For Bobby Jack Woods, a 37-year veteran lawman, it isn’t easy being the sheriff in drug-ravaged Kentucky, where 1,404 people died from overdoses in 2016.
But his faith in God helps him handle the heart-wrenching plague of drug abuse he encounters on a daily basis.
Photo by Mark Maynard, Kentucky Today
Sheriff Bobby Jack Woods in his Catlettsburg office.
In recent years, more Kentuckians have been dying from drug overdoses than from car crashes. Heartache, grief and brokenness are rampant.
Woods, a member of Unity Baptist Church in Ashland, serves Boyd County, which ranks among the Top 5 in Kentucky in overdose deaths. Paramedics there answered 230 overdose calls between January and September.
In Woods’ jurisdiction alone, first responders have spent $20,000 so far this year on Narcan, the drug administered to reverse heroin and fentanyl overdoses. The drug has been successful in saving nearly 200 lives in Boyd County this year.
“Being a sheriff in Kentucky is a test of faith, and I mean that sincerely,” he said. “You see so much heartache. There are times when you wonder why God lets people suffer or why God lets people do some of the things they do.”
At the end of the day, though, Woods remains thankful that he can lean on his faith as he goes about his duties to protect and to serve amid an opioid crisis that some political leaders have described as “a scourge.”
Heroin and, increasingly, fentanyl – a lethal narcotic even in low doses – are ravaging the state, pushing overdose deaths to unprecedented levels, according to the 2016 Overdose Fatality Report from the Kentucky Office of Drug Control Policy.
While nearly every community in Kentucky has been affected, Boyd County has been among those hit the hardest.
A new direction
Woods, the son of a Baptist preacher, grew up in church in Catlettsburg, but he didn’t come to know the Lord until he was 44. In his words, he had been doing “everything I could to be sent to hell.” The change in his life was dramatic.
It was while still a state trooper working on a security detail for former Gov. Paul Patton when he learned that he had a heart blockage. He was petrified about his eternal destination if he didn’t make it.
“I remember being on that table and being scared for maybe the first time in my life,” he said. “I wasn’t ready to die, and I knew it.”
Woods decided it was time for a new direction in his life.
“I said ‘If you get me through this, I’ll do what’s right.’ He did and I have,” Woods said.
Woods said he has never looked back as far as his profession of faith is concerned.
“Every night my prayer is to give me wisdom to make right decisions,” Woods said.
Kentucky Baptist Convention Executive Director Paul Chitwood said Woods has done precisely what Christian men and women need to do – get involved.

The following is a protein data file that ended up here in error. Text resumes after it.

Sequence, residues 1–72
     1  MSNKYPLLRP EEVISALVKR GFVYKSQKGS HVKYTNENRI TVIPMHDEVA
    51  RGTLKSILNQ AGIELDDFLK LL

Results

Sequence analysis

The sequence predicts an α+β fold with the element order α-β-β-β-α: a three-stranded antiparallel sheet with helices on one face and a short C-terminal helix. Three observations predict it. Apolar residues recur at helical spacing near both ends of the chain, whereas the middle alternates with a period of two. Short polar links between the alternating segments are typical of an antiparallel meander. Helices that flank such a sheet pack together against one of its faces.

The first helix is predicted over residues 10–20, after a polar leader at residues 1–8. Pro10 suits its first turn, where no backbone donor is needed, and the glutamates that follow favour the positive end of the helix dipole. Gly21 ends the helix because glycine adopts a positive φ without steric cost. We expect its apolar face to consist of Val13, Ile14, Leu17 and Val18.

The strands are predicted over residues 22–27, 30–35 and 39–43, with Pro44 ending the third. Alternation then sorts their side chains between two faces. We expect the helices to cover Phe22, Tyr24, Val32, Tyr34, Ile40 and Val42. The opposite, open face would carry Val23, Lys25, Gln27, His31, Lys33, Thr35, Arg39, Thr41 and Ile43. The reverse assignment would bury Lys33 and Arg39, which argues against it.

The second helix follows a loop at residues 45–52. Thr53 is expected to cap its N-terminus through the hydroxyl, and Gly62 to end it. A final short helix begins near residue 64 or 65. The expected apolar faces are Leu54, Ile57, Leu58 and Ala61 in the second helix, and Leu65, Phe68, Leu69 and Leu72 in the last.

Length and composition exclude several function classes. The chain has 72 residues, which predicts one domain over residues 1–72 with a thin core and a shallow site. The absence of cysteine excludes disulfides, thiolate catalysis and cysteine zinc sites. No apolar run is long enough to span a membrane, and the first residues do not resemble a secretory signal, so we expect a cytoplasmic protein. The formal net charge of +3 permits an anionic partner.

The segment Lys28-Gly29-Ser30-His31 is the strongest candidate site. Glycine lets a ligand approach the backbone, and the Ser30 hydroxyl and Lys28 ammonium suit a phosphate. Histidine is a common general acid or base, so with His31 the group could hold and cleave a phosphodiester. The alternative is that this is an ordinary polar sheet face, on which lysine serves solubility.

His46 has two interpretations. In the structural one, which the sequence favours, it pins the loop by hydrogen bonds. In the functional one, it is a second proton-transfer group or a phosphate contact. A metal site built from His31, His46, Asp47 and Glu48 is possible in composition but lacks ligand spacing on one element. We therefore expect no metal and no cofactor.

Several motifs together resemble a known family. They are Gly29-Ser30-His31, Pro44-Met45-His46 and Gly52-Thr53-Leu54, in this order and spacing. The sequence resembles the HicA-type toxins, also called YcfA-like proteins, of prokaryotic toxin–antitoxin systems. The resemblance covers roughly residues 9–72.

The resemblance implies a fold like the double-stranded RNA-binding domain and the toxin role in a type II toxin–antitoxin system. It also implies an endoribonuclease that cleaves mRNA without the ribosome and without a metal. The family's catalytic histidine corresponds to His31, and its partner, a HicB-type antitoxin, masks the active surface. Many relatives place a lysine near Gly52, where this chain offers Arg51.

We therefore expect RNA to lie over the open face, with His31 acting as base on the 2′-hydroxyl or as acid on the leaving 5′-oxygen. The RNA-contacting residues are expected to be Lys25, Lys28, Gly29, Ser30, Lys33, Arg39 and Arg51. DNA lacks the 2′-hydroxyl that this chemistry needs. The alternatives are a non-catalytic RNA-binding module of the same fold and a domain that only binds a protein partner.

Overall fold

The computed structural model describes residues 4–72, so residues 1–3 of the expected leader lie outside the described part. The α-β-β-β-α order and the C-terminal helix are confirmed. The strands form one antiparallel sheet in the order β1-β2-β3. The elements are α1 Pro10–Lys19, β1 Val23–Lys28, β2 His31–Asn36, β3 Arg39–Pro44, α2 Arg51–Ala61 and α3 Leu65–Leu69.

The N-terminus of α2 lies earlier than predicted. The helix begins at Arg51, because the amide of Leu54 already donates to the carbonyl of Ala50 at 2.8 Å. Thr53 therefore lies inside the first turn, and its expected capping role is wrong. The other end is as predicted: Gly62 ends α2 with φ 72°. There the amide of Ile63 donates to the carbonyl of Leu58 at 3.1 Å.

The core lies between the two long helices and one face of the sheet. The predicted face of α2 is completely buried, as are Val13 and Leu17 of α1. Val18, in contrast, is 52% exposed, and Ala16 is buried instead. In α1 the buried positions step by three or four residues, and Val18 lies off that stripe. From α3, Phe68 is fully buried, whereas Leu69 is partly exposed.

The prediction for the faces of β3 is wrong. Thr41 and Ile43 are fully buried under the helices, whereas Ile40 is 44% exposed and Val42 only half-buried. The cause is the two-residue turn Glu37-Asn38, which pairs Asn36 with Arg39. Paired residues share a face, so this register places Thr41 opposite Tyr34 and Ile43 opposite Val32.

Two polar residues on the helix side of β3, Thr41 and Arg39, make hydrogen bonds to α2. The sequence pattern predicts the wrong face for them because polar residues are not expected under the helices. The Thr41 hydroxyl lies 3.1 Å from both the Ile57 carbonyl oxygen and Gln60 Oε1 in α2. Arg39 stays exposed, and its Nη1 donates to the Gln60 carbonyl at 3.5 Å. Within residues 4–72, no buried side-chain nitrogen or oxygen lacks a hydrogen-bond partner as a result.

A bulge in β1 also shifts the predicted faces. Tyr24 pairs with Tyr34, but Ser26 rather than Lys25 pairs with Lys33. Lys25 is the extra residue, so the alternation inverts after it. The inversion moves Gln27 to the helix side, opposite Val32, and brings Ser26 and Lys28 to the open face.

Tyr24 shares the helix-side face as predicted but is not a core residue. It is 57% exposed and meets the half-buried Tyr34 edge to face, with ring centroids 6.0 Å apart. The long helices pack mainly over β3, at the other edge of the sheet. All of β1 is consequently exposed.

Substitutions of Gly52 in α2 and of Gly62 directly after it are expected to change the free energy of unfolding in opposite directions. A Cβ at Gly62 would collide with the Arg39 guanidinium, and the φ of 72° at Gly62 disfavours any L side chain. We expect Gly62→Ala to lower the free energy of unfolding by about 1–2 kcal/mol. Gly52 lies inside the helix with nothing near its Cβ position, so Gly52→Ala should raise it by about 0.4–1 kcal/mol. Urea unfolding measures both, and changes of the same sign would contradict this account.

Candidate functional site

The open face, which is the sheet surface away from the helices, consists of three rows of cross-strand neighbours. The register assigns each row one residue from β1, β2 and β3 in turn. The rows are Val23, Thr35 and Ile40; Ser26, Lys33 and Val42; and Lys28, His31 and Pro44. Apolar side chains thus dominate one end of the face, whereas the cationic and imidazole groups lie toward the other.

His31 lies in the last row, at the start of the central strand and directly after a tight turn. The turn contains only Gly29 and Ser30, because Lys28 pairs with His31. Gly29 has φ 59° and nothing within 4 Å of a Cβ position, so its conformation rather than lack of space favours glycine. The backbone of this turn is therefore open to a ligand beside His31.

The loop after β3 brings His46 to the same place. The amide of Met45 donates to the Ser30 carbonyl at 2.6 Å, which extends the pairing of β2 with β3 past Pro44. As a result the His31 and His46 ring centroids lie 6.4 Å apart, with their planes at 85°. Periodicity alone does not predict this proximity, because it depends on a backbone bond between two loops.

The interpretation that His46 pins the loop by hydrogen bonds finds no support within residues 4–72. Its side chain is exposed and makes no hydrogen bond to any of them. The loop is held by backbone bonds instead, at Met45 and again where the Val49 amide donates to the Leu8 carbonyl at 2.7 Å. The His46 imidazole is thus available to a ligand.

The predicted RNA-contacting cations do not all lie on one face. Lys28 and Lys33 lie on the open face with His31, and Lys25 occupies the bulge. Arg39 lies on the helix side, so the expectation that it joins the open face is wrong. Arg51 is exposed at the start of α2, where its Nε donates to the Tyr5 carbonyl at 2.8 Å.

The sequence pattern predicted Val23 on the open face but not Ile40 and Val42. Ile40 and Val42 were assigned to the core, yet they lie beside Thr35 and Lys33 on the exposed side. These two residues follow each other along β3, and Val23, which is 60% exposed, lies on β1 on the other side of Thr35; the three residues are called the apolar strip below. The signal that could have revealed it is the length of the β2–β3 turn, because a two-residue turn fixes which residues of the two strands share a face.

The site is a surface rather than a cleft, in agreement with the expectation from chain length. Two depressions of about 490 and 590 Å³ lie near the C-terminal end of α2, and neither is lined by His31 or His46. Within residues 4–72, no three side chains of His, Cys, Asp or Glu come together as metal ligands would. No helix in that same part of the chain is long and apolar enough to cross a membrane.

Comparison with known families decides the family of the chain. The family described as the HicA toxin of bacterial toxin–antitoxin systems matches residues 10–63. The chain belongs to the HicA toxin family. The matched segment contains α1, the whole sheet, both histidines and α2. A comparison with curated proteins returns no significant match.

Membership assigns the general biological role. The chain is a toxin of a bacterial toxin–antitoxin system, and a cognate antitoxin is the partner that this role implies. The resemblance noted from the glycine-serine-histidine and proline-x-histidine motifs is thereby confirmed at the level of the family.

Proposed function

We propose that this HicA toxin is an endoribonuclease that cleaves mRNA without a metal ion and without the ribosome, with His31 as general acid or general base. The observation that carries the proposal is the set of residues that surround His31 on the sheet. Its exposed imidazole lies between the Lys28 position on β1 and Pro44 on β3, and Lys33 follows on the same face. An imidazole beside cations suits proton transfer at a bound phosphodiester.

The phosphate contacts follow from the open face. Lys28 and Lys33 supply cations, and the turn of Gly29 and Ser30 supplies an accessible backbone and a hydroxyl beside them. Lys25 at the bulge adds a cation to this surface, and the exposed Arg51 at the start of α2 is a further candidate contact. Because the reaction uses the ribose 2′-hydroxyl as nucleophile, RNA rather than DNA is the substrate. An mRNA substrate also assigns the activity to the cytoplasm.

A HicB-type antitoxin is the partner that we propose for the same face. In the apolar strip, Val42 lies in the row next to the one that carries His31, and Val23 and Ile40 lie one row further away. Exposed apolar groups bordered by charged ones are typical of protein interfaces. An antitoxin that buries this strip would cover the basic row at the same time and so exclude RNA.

“I’m thankful Southern Baptists are willing to step up for such a time as this,” Chitwood said. “We have so many people who are gifted of God to minister amid the pain and brokenness in our state, nation and world. They’re ministering from every angle, including law enforcement and government. It’s reassuring to know Christians like Bobby Jack Woods are standing in the gap.”
Lord, give me grace
Woods, 62, was elected sheriff nearly three years ago, taking over for Terry Keelin, a popular lawman and local high school football hero who decided not to run for re-election.
Overseeing a department with 27 deputies, 11 court security officers and three full-time office workers, Woods had worked every day since taking office in January 2015 until, finally, he and his wife planned a getaway in Gatlinburg, Tenn.
The first morning there, his cellphone began ringing non-stop. Rod Williamson, one of his deputies, had been hospitalized after being struck by a car driven by a fleeing suspect who was later charged with attempted murder.
Lt. Jamie Reihs recalled that Woods made a beeline for home and worked into the early-morning hours to track down the suspect, who was later captured in Virginia.
“I prayed ‘Lord, give me the grace to handle this; they’re looking for me to be strong,’” Woods said.
God answered that prayer for the sheriff who had served 20 years as a Kentucky state trooper, more than six of which were on the governor’s security detail.
Reclaiming the neighborhoods
Now he’s on the front lines of the war against drugs.
“We’ve got to take the neighborhoods back,” Woods said.
The drug epidemic has fueled other crimes, keeping the court dockets and jails full. Woods said he recently arrested a young man who had four burglaries in a single day because “he had to get a couple of days’ supply of heroin.”
The drug problem, Woods said, isn’t limited to the young. Not long ago, a couple, 72 and 73 years old, were found dead of overdoses in an Ashland motel.
“There’s no age limit,” Woods said.
U.S. Attorney General Jeff Sessions declared drug overdose deaths “the top lethal issue” in the nation. Speaking at the annual conference of the National Alliance for Drug Endangered Children, Sessions said preliminary data show nearly 60,000 overdose deaths nationally in 2016, the highest number ever.
“Our current drug epidemic is indeed the deadliest in American history,” he said. “We’ve seen nothing like it.”
In Boyd County, Woods’ deputies worked 14 overdoses in one 24-hour span beginning June 30, the result of a powerful strand of heroin brought into the area.
Woods said the drug problem has “reached past an epidemic to biblical plague proportions.”
(EDITOR’S NOTE – Mark Maynard writes for Kentucky Today, www.kentuckytoday.com, where this article first appeared. Kentucky Today is a news resource of the Kentucky Baptist Convention.)